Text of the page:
But strategic and political considerations outweigh the allure. Whatever the benefit to the confused consumers, the implications at home and abroad for America’s most troubled international relationship raises the stakes higher than that.
“The reason for doing or not doing this shouldn’t be inflation,” said Richard Haass, a top State Department official under President George W. Bush, who now heads the Council on Foreign Relations. “The impact on US-China relations, and the domestic politics of US-China relations, would be greater than any impact on inflation.”
“These costs, compounded by other inflationary pressures, place a significant burden on American businesses, farmers and families trying to recover from the effects of the pandemic,” wrote the business groups ranging from the American Soybean Association to the Information Technology Industry Council. .
But White House officials said tariffs were not on the US agenda. After Biden and Xi talked for more than three hours and the White House was politically battered by its highest inflation in decades, no policy change was announced.
Yet he still faces Republican allegations of weakness over China policy, a staple of Trump’s 2020 campaign. While Haass called those attacks “absurd,” unilaterally lifting tariffs would only encourage Republicans to bolster them.
And the tariffs fell short of Trump’s goal of revitalizing U.S. manufacturing. In 2019, before the pandemic rocked the economy, the Federal Reserve said the manufacturing industry had effectively entered a recession.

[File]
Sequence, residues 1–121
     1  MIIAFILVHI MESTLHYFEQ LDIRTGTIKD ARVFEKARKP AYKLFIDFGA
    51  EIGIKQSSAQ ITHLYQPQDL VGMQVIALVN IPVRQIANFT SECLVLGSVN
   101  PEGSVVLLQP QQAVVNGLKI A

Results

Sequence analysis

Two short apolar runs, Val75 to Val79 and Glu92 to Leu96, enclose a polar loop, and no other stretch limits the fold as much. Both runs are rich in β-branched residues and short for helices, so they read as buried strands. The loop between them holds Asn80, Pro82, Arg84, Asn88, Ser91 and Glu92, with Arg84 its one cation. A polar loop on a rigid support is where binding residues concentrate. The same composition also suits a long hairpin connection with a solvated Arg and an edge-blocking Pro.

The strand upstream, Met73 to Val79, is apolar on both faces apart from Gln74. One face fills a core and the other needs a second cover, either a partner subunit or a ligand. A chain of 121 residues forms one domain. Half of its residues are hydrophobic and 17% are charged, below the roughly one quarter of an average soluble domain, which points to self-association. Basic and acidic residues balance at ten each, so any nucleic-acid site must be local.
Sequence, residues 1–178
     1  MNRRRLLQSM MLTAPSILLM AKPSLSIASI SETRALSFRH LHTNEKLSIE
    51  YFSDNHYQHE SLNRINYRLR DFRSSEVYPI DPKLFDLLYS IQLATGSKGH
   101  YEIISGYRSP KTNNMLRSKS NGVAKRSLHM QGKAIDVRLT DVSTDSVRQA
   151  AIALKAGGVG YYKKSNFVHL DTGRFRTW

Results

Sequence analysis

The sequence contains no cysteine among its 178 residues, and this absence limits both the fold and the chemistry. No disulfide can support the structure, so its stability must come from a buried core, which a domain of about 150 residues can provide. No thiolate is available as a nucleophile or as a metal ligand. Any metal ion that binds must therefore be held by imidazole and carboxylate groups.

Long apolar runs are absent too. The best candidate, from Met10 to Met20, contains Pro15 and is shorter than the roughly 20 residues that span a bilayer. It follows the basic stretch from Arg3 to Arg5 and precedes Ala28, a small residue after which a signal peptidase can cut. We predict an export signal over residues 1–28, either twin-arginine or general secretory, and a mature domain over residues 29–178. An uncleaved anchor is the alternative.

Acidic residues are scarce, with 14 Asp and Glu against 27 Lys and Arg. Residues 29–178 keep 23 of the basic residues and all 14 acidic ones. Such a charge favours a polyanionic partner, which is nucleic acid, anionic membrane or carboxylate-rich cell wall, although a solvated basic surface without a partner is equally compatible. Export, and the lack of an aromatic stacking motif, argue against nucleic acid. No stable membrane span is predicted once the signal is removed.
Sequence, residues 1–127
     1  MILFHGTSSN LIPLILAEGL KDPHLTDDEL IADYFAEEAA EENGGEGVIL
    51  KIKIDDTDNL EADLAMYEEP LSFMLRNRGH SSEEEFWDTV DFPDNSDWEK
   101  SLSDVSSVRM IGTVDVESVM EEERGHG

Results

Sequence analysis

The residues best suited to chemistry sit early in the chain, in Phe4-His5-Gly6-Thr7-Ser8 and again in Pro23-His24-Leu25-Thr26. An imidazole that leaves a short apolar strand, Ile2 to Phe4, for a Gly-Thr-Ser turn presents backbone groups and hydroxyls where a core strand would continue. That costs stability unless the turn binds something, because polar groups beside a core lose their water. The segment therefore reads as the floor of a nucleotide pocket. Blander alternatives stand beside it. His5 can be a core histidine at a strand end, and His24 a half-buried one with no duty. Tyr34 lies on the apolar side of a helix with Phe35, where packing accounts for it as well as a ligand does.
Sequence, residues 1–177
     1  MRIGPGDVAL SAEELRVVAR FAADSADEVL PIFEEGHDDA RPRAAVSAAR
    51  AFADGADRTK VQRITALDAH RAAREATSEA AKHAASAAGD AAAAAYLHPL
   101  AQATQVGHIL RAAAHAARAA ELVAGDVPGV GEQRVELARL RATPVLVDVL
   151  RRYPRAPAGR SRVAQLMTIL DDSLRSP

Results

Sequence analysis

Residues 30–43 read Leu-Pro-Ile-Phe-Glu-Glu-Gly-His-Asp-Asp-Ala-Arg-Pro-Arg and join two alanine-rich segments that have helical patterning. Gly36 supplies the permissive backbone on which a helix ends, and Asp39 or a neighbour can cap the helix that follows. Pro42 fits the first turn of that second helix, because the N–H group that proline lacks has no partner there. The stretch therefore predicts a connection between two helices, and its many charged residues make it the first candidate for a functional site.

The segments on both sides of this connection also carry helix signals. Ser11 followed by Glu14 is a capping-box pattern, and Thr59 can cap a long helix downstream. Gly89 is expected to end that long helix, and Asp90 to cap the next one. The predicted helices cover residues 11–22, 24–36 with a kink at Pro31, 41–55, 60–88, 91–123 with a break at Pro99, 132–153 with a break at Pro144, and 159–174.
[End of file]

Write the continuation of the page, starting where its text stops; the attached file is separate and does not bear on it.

But Biden has only eased tariffs on European steel and aluminum so far. The more drastic Chinese tariffs on imported consumer goods and semi-finished products that companies use to make finished products will remain in place.
Trade experts praise Trump for taking a harder line after years in which China had thwarted global rules by stealing intellectual property, subsidizing domestic industries and restricting imports at the expense of both corporate America and workers. He managed to get Beijing to relax restrictions on US agricultural imports and the activities of US financial firms in China.
Yet the modest effect of Trump’s policies on Chinese exporters failed to capitalize on the fundamental economic reforms he had pursued.
“It really hasn’t done much for the Chinese,” noted Scott Lincicome, an analyst at the libertarian Cato Institute.
“In general, these tariffs fall almost 100% on American consumers,” added Jennifer Hillman, a former trade official under President Bill Clinton who now teaches law at Georgetown University. “The only question for Biden is, can you get anything for abolishing these tariffs?”
In a speech last month, U.S. Trade Representative Katherine Tai said only that “we will initiate a targeted tariff exclusion process” that could lift selected tariffs in a process that “best serves our economic interests.” But she noted that China has failed to deliver on previous promises to buy American goods and is maintaining an “unfair policy” that subsidizes domestic production of steel, semiconductors and solar products at America’s expense.
“I am committed to addressing the many challenges ahead in this bilateral process to deliver meaningful results,” promised Tai at the Center for Strategic and International Studies in Washington. “But above all, we must defend our economic interests to the utmost.”
That doesn’t mean Biden can’t find a politically acceptable path to the price-cutting benefits of lifting more Trump tariffs in the coming months. But that requires agile negotiations over concessions from America’s most formidable competitor.
“Like sanctions or war,[tariffs]are easier to initiate than to remove,” Haass concluded. “That’s why God invented diplomats.”